New Winslow S5E16
Andrew didn’t want to do this. He wanted to be at home, where he knew Olivia was cooking steak. Steak. But here he was, on his way into the New Winslow Historical Society, because Iris had begged him to. He wasn’t even quite sure what he was looking for, so he knew that he was going to look like a prat. All he knew was that he needed to find any mention of Rosalind Alderidge in any available records. He’d emailed the archivist earlier that day, so she already had some things pulled for him, but he knew that this was going to suck.
At least the building was beautiful, a converted mansion just beyond downtown. The whole thing was brick, with thick mahogany pillars holding up a balcony above the front door. As he walked up the steps, a sharp wind blew past him and he shivered. Normally the pea coat was enough to keep out the cold, but tonight it felt sharp and jagged as he hurried toward the heavy door.
There was a small reception desk just inside the entrance. To the sides of the room, he could see shelves of books and the walls were lined with paintings and maps. Andrew’s eye was drawn to them, but the woman behind the counter was looking at him expectantly, so he hurried over to her.
“Evening,” he said. “I’m here to see Judith Perez. My name is Andrew Harris.”
The smiling woman glanced down at her computer and Andrew noted that the smile faded, just slightly. “Just a moment,” she said.
She picked up the phone to alert Judith Perez that he was coming. “She’ll be right down,” she told him as she placed the phone back in the cradle.
Then she turned back to her work. Andrew waited a beat, but she seemed to be done with him. “Thank you,” he said, then stepped away from the desk.
He walked over to the wall of paintings. They all seemed to be set in New Winslow, which he supposed made sense. He still wasn’t sure why anyone would want to live out their lives here, especially if they had a choice in the matter. He might be doomed to die here, but that didn’t mean everybody was.
Shit, he was going down that path already and it wasn’t even five o’clock yet. He just needed to focus on the task at hand. Pretend like it was a uni assignment he’d put off until the night before it was due.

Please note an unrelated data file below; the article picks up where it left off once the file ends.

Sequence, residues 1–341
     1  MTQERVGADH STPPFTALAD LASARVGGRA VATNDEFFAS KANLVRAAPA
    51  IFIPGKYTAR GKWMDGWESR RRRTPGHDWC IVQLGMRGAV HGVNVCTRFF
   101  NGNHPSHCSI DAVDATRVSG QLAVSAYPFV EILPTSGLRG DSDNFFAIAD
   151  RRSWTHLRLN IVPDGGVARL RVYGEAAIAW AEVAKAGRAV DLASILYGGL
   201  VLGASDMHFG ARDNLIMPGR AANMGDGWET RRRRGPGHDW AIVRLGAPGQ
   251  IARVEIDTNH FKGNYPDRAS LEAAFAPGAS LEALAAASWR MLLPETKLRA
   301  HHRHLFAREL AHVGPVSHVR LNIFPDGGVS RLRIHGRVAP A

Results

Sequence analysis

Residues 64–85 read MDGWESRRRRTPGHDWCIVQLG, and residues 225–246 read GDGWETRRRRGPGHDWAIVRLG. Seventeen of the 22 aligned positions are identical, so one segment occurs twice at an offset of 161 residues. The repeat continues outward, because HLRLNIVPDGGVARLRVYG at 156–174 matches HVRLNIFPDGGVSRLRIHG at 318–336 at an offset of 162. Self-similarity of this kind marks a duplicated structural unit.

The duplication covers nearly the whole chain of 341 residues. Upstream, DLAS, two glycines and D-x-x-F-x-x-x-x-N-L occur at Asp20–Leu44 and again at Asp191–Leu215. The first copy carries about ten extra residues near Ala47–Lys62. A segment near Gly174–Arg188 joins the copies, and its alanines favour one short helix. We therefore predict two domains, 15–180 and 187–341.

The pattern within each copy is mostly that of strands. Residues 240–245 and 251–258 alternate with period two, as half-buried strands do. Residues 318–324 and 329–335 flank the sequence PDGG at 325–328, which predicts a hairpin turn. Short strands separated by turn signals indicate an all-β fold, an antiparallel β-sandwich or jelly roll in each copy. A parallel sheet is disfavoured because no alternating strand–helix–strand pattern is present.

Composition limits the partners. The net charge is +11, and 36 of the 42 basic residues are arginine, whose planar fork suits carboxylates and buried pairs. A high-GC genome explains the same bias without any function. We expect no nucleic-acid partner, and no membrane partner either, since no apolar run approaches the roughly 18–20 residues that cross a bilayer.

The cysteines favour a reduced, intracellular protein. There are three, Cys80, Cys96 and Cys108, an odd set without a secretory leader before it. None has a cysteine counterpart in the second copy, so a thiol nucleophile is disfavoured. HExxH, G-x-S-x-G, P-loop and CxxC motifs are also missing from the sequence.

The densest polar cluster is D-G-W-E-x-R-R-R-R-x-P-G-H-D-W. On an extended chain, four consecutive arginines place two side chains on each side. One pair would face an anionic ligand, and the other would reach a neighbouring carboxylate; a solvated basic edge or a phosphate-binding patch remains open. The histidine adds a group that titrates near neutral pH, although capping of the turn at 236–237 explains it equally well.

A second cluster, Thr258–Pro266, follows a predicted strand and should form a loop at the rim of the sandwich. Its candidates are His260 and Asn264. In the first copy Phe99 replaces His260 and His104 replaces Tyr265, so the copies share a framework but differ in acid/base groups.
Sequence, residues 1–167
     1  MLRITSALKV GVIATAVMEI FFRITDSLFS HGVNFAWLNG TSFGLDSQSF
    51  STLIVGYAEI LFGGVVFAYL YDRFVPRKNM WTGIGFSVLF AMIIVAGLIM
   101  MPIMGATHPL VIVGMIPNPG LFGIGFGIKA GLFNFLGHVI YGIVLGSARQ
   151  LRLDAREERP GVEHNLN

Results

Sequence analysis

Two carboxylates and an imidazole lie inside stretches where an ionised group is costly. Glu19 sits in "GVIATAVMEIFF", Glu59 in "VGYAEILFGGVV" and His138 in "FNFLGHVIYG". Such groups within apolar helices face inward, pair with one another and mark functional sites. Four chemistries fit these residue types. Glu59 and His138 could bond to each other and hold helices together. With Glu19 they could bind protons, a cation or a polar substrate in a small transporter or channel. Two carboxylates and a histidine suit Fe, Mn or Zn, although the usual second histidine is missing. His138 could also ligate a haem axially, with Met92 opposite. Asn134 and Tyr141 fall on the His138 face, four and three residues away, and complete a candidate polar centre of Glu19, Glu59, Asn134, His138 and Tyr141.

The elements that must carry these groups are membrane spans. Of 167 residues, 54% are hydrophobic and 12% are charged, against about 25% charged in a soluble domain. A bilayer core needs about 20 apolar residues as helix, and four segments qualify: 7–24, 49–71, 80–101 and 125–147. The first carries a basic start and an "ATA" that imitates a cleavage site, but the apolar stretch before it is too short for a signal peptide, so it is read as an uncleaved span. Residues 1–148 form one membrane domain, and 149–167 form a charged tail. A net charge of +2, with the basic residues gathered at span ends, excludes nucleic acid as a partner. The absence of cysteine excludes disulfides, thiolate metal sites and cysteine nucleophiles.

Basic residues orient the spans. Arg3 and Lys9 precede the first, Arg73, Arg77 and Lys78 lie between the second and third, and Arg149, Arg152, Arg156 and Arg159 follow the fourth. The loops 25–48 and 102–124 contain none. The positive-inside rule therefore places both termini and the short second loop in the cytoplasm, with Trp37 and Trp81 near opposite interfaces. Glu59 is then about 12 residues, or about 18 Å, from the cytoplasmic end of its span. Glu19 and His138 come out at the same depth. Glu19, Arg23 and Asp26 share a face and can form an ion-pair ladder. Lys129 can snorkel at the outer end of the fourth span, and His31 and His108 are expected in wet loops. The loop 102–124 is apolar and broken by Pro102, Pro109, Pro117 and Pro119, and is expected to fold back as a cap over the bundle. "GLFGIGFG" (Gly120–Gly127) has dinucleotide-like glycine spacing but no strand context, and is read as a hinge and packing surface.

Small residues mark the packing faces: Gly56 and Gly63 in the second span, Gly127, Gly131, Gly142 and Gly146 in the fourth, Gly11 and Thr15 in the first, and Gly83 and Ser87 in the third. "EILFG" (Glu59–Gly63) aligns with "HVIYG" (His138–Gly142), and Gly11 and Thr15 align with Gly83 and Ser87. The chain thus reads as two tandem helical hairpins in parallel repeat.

There was a painting of another mansion, and he wondered if it was anywhere near this one. Did the wealthy flock to downtown? Or had they built their homes in waves, branching out as the generations went on? From what Iris had said, the Alderidge House had been further west, out beyond Olivia and Noah’s house and into the less populated sections by the westernmost town line. That had been the fashionable part of New Winslow, though the words “fashionable” and “New Winslow” did not merge well together in Andrew’s brain.
He noticed a small caption at the bottom of the painting and squinted to read it. No, not even a caption. It was in the very corner, a signature? Applegate. Maybe the painting was by an Applegate and there was no reason for Andrew to ever concern himself with it again.
Andrew turned around to see Judith Perez standing by the counter. She looked at him politely, but he could see that same bit of wariness in her expression. What was this about? He’d never set foot in this place before. Maybe they knew he was cursed? Come on, it wasn’t like it was contagious.
“Hi,” he said, trying to smile as charmingly as possible as he stepped forward to shake her hand. “Andrew Harris, it’s nice to meet you.”
“Judith Perez,” Judith said, “Head Archivist. Come with me.”
She turned and led him past the desk and down a hallway on the expansive bottom floor of the building. “So, you’re looking for information on the Alderidge family,” she said. “Why’s that?”
He was about to launch into a halfway truthful explanation, but then he looked at her face and knew that she already knew. “It’s the curse,” he said. “I’m working with Iris Davies to figure it out.”
Judith sighed, and Andrew realized that for once, this wasn’t about him. “So, she sent you to her place,” she said.
“Look, I have all the resources I could get. There aren’t many. And I made photocopies. You can’t take anything from the archives out of this building. I’m sorry to treat you like a child, but, I’m going to be staying in the room to supervise so that I know you won’t.”
Confused and insulted, Andrew tried to keep calm. “I’m not planning to-”
And then it all came together. “Oh, for Christ’s sake.”
“She sent you here without telling you why?”